Here are a few positive and negative trends in the characteristic traits of this modern industry-type YTH ministry:
· Modern industry-YTH ministry has a unique name, culture, and identity separate from the church (there is a growing movement of YTH groups that have adopted the whole church name into the YTH ID, but, not everyone has made that move)
· Today’s industry-YTH ministry age is heavily built on production and entertainment
· A high majority of YTH ministries lean mostly to a weekly large group rally mentality and format
· There has been a loss of evangelism and outreach and an emphasis upon gathering together
· The average YTH ministry is built around the church campus and getting students to “come” to church rather than emphasizing neutral site events and “being” the church
· Industry-YTH ministry is divided into age-stage and graded junior and senior high settings and often taking younger teens out of the main church service setting
· The average YTH leader is more concerned about attendance than even the roster or their school campus and community influence
· More time is spent organizing and putting on a great YTH service and message series planning than anything else in the weekly administration
· Industry-YTH ministry heavily promotes leadership development through team-based meetings and external (or internal) conferencing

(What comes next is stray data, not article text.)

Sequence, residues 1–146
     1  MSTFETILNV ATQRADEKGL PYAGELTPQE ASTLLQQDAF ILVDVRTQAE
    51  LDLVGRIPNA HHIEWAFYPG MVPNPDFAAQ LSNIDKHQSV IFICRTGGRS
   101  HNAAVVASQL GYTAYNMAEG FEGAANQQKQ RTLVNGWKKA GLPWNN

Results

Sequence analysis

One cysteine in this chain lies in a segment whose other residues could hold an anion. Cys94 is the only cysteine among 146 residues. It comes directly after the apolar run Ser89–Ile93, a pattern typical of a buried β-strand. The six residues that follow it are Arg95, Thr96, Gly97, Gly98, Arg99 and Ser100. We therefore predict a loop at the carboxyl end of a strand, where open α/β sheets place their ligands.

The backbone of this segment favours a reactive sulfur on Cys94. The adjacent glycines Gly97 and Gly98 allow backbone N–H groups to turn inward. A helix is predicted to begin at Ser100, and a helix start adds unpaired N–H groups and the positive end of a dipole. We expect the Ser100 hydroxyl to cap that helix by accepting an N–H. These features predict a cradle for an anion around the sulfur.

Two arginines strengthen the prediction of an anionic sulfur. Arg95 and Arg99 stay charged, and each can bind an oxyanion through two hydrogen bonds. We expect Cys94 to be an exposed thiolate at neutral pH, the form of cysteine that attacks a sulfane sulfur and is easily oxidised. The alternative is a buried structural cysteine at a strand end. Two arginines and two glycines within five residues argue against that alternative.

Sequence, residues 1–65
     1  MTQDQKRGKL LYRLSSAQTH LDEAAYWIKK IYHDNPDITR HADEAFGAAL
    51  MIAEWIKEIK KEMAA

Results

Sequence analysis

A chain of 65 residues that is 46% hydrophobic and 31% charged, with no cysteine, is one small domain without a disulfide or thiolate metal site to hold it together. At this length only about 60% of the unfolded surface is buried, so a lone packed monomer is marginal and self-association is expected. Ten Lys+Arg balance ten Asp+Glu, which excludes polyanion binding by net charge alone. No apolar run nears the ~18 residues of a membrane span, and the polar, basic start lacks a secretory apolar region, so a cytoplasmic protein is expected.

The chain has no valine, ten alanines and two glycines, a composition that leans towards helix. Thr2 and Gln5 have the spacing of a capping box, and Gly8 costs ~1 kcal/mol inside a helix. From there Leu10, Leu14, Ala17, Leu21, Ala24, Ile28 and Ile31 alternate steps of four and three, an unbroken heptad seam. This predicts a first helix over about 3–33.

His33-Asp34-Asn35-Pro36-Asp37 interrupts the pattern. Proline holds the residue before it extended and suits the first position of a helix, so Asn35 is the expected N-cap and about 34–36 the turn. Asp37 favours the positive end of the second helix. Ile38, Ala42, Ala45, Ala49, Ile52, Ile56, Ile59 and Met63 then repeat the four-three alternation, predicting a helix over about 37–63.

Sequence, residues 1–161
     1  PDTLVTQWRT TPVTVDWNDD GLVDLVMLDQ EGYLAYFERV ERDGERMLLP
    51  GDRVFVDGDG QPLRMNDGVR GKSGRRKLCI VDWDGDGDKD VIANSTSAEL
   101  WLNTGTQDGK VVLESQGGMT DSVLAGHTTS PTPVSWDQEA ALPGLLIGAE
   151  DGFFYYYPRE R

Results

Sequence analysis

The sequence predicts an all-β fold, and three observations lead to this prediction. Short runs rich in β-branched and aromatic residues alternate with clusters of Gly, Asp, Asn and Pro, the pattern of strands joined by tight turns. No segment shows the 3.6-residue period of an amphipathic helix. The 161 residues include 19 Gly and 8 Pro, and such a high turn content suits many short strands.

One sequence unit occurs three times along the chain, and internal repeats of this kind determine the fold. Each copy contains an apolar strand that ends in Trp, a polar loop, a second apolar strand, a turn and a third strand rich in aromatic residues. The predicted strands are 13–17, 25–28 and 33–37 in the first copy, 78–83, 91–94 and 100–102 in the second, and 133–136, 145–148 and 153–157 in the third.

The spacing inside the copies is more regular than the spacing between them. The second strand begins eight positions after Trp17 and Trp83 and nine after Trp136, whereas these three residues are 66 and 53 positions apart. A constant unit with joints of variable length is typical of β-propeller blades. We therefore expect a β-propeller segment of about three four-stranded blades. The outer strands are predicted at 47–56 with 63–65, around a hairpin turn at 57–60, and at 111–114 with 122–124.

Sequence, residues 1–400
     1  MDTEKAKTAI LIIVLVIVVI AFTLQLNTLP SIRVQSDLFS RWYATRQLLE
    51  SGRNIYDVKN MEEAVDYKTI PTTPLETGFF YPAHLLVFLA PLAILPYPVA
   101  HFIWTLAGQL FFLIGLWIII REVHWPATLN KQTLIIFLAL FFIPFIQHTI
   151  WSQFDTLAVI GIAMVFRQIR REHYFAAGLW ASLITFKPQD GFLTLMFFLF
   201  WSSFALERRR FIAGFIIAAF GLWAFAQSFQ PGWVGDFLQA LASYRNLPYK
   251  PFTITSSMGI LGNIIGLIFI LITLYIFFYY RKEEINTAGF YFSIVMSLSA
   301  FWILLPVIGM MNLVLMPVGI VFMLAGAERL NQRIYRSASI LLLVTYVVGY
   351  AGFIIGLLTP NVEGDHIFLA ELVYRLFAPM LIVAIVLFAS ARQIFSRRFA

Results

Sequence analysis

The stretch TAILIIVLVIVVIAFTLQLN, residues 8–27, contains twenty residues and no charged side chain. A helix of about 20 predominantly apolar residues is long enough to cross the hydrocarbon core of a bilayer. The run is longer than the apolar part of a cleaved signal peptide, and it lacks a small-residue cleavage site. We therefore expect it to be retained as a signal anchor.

· This industry-YTH ministry era is strongly influenced by social media and image projection
Of course, this is not an exhaustive list of characteristic traits and movements in YTH ministry. But, it gives you a look at the most influential revolutions that have shaped what we see today in modern industry-YTH ministry. I know that you will read this list and agree with some of these things, or, you will read this list and disagree with some of these things. What is undeniable is that many things got us to where we are today in YTH ministry. And looking at these things is important.
In my extensive travels the past 6 years, this is as clear a timeline description of where we are in our present industry-YTH ministry setting as I can give. Sure, it is anecdotal. It is not scientific. At least in the data search sense. But, it comes from extensive travel in small, medium, and large churches. And it is based upon the urban, suburban, and rural church model. And knowing where we have come from is a critical step to deciding where we want to be in the next season of YTH ministry.